“Most of human and animal learning is unsupervised learning. If intelligence was a cake, unsupervised learning would be the cake, supervised learning would be the icing on the cake, and reinforcement learning would be the cherry on the cake. We know how to make the icing and the cherry, but we don’t know how to make the cake. We need to solve the unsupervised learning problem before we can even think of getting to true AI.”
— Yann LeCun
The field of machine learning has two major branches Supervised Learning and Unsupervised Learning.
In supervised learning, the AI agent has access to labels, which can be used to improve performance on a task. In the email spam filter problem, we have a dataset of emails with all their text. We know which of these emails are spam and which are not. This is what we call labels. These labels are very valuable in helping the supervised learning AI separate the spam emails from the rest.
The strengths and weaknesses of Supervised Learning
Supervised learning excels at optimizing performance in well-defined tasks with plenty of labels. For example, consider a very large dataset of object images, all of them labeled.
If the dataset is sufficiently large enough and we train using the right machine learning algorithms, we can build a very good supervised learning-based image classification system.
However, the costs of manually labeling an image dataset are high. And, even the best-curated image datasets have only thousands of labels.
This is a problem as supervised learning systems are very good at classifying images of objects with labels. However, they can perform poorly at classifying object images with no labels.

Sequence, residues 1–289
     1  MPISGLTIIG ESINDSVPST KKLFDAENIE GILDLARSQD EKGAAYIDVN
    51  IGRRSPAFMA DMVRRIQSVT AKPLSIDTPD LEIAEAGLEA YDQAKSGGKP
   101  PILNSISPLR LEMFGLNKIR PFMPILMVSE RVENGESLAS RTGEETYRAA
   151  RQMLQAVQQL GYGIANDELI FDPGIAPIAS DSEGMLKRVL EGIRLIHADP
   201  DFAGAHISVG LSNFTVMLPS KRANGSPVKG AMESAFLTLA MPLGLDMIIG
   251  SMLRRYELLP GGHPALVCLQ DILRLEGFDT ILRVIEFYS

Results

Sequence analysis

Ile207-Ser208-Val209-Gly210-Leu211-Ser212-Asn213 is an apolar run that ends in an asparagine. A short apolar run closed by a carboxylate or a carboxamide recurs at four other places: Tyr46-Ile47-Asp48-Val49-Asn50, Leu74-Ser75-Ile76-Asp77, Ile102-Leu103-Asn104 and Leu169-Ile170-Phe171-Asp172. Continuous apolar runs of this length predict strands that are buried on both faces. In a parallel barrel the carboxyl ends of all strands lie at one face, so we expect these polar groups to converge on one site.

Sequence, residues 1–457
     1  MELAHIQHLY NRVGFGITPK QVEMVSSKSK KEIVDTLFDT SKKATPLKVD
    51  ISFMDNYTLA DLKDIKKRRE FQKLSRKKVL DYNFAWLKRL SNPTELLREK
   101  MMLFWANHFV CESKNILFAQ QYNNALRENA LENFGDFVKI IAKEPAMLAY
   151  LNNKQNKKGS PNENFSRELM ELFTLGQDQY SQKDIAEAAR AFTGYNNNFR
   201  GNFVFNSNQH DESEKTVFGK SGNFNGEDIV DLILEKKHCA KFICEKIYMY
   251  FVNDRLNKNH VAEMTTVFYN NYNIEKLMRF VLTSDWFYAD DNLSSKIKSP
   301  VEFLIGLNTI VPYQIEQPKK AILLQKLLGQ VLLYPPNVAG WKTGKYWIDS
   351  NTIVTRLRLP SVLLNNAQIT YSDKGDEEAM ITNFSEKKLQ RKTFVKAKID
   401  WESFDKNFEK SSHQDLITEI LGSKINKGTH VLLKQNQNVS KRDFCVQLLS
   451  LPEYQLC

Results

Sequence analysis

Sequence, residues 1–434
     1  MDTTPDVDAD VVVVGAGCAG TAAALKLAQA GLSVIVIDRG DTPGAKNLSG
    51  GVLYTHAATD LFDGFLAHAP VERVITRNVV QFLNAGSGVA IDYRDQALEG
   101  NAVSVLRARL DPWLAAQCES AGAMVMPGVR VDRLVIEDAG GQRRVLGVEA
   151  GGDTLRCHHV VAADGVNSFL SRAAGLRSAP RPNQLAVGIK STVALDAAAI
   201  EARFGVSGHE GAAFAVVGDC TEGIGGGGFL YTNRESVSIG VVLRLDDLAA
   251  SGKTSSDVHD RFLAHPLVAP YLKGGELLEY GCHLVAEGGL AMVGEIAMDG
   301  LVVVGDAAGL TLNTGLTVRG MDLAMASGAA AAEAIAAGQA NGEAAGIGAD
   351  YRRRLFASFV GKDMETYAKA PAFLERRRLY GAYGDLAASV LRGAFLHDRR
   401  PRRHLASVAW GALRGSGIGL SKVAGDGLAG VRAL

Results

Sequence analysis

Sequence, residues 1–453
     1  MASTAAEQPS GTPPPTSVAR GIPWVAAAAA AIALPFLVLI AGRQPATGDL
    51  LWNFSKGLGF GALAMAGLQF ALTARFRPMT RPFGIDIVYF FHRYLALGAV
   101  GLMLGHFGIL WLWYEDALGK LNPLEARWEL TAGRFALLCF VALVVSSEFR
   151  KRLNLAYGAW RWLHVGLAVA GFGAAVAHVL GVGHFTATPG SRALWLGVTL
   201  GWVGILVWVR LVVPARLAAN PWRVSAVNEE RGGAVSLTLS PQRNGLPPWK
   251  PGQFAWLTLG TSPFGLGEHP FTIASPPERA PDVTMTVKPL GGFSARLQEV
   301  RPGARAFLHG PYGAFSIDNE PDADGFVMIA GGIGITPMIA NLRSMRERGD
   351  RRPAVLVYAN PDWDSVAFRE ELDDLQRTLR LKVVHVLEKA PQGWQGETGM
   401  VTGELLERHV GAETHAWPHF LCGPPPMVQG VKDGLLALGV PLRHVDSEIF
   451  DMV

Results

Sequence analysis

In unsupervised learning, labels are not available. Therefore, the task of the AI agent is not well-defined, and performance cannot be clearly measured. Consider the email spam filter problem — this time without labels. Now, the AI agent will attempt to understand the underlying structure of emails, separating the database of emails into different groups.
Unsupervised learning problems are less clearly defined than the supervised learning problems and are harder for the AI agent to solve. But, if handled well, the solution can be powerful.
The unsupervised system is better than the supervised system at finding new patterns in future data. This makes the unsupervised solution more nimble on a go-forward basis. We call this, the power of unsupervised learning.
The Strengths and Weaknesses of Unsupervised Learning:
Instead of being guided by labels, unsupervised learning works by learning the underlying structure of the data it has trained on. It does this by trying to represent the data it trains with a set of parameters that are significantly smaller than the number of examples available in the dataset. By performing this representation learning, unsupervised learning is able to identify distinct patterns in the dataset.
Unsupervised learning makes previously intractable problems more solvable and is much more nimble at finding hidden patterns both in the historical data and in future data. Moreover, we now have an AI approach for the huge troves of unlabeled data that exist in the world.
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